The present imploding, with promises from the past haunting us.
BY BARDIA ASSEFBARKHI, CONTRIBUTOR
In a world consumed by the pursuit of progress, the past looms large in our cultural landscape. Within our modern, digital society, we find ourselves caught in a maze of unexpected detours… nostalgic journeys back to bygone eras. Whether it’s in the realms of music, cinema or video games, art appears to be confined to existing styles. Talented artists skillfully resurrect the sounds and aesthetics of the past, prompting us to confront a troubling question: Are we trapped in an endless cycle of indulging in retro culture, yearning for a time that has long faded away?
Enter philosophers Jacques Derrida and Mark Fisher, who offer insights into this phenomenon. Derrida introduced the concept of hauntology, proposing that we never fully experience the present. Instead, our current experiences are influenced by both the past and the future. For example, when we listen to music, it’s not just the individual notes that matter but also their connection and creation of a melody.
Hauntology, as popularized by Fisher, describes a cultural haunt that lingers through our media, art and entertainment… a peculiar situation where we paradoxically seek to live our future anticipations by revisiting the past. Fisher also introduced the notion of a “lost future”, a future that never materialized yet continues to haunt us.
According to Fisher, the pervasive dominance of the current system in every aspect of our lives has led to a decline in anticipating the future and envisioning new possibilities. Instead, the prevailing system demands short-term solutions, immediate outcomes and the repetition of established sociocultural forms.
A notable musical embodiment of hauntology is John Lennon’s iconic song, “Imagine.” Lennon encourages listeners to imagine alternative futures and possibilities, expressing the belief that such imaginings “aren’t hard if you try.” However, this song and its aspirations have sparked controversy among those resistant to change.
Conservative columnist and unsuccessful screenwriter Ben Shapiro, for instance, created an entire YouTube video criticizing Lennon for daring to envision a better future… a future where material possessions are forsaken and people do good deeds without expecting heavenly rewards.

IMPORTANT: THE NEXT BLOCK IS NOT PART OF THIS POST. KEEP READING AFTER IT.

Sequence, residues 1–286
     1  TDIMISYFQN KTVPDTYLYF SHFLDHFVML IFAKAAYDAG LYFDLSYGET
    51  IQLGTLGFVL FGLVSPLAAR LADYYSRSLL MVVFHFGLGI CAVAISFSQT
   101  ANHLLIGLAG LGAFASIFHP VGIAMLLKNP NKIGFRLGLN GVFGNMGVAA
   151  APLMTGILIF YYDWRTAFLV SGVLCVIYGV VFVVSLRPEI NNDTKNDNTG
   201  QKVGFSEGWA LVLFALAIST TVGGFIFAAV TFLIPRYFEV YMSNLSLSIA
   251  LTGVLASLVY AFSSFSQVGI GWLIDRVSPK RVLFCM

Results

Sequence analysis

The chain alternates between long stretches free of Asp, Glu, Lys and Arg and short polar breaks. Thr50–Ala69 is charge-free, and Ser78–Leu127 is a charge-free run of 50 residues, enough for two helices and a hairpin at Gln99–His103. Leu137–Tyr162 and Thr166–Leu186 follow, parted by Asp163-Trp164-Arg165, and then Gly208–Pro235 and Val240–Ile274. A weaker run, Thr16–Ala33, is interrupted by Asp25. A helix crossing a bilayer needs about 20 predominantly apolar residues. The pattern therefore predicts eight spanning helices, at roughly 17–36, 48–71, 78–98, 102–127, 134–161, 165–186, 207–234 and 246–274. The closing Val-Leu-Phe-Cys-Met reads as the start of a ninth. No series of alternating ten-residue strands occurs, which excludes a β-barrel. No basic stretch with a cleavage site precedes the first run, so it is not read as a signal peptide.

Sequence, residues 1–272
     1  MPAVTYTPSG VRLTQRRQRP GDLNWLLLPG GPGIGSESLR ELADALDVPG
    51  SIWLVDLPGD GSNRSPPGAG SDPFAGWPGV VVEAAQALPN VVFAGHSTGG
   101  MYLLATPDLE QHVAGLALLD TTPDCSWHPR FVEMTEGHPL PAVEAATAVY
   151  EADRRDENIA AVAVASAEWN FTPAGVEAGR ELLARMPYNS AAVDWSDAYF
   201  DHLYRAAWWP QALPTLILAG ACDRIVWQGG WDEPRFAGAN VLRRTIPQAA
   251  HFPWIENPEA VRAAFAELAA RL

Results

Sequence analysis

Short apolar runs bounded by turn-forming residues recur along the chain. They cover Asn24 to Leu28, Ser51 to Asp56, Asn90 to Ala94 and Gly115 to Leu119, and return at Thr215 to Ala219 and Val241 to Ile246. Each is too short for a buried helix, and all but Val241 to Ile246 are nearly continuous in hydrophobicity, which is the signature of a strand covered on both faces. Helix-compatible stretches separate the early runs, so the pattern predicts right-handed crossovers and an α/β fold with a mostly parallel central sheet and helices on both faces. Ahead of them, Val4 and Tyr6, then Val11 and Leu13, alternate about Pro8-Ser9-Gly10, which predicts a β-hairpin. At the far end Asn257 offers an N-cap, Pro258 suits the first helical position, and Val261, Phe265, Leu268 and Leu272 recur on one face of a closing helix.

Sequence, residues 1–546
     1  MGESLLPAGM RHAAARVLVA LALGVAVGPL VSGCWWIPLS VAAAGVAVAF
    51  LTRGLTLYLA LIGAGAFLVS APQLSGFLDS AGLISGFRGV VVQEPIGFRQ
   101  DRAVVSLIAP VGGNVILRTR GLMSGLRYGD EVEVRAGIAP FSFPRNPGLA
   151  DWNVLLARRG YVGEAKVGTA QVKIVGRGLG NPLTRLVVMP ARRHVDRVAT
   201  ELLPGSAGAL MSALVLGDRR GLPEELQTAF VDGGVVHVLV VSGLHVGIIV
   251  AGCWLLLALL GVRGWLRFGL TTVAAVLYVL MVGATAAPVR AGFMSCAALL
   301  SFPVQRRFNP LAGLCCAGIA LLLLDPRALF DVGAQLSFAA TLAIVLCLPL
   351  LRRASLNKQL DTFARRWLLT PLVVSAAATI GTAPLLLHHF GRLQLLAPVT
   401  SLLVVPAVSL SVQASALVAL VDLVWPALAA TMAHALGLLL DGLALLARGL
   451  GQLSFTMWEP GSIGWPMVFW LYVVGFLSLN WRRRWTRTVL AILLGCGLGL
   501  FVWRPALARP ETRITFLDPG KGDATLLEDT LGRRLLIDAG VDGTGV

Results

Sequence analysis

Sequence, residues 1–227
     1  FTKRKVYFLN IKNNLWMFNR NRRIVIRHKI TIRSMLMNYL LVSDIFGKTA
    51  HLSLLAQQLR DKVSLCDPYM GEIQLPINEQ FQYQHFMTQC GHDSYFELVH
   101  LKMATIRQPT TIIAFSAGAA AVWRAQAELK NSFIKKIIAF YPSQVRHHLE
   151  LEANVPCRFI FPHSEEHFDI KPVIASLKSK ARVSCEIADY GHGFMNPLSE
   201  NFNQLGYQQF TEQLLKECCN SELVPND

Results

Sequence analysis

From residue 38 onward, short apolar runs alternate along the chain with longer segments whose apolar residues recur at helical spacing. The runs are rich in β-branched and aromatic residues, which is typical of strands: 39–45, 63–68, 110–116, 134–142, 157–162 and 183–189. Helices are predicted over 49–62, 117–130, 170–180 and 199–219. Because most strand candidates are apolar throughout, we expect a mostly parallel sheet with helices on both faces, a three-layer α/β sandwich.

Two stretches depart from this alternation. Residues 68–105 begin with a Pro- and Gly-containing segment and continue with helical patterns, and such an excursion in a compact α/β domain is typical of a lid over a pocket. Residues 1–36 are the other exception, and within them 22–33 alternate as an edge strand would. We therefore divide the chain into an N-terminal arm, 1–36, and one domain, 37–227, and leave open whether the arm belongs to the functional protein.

This phenomenon is not just reserved for music and entertainment; it seems even in politics, daring to dream of a better world is met with scuffs from an exasperated public. In America, a place where mass shootings and gun violence are common occurrences, where wildfires burn entire states down and recreate scenes straight out of “Blade Runner 2049”, where many people can’t call ambulances during emergencies in fear of medical debt, and where the Senate has turned into a graveyard of progress, the most common belief seems to be a nihilist sense of futility, that this is how we are supposed to live and that all attempts to fix it will be completely perfunctory.
A professor once told me that young people tend to be left-leaning because they have nothing to lose, but older folk tend to be conservative because they have something to conserve, a sentiment popularly expressed by Churchill. However, these statements are simply trapped within the confines of the current system, lacking courage or imagination.
In reality, the present is scorching. We live with promises from the ghosts of the past that still haunt us, yet a love letter from a future clawing through the borders of possibility, a future repeatedly failed and refused existence by the limits of politics, economics, and fear, is crying to be born, shouting at us that one day it will return to our side.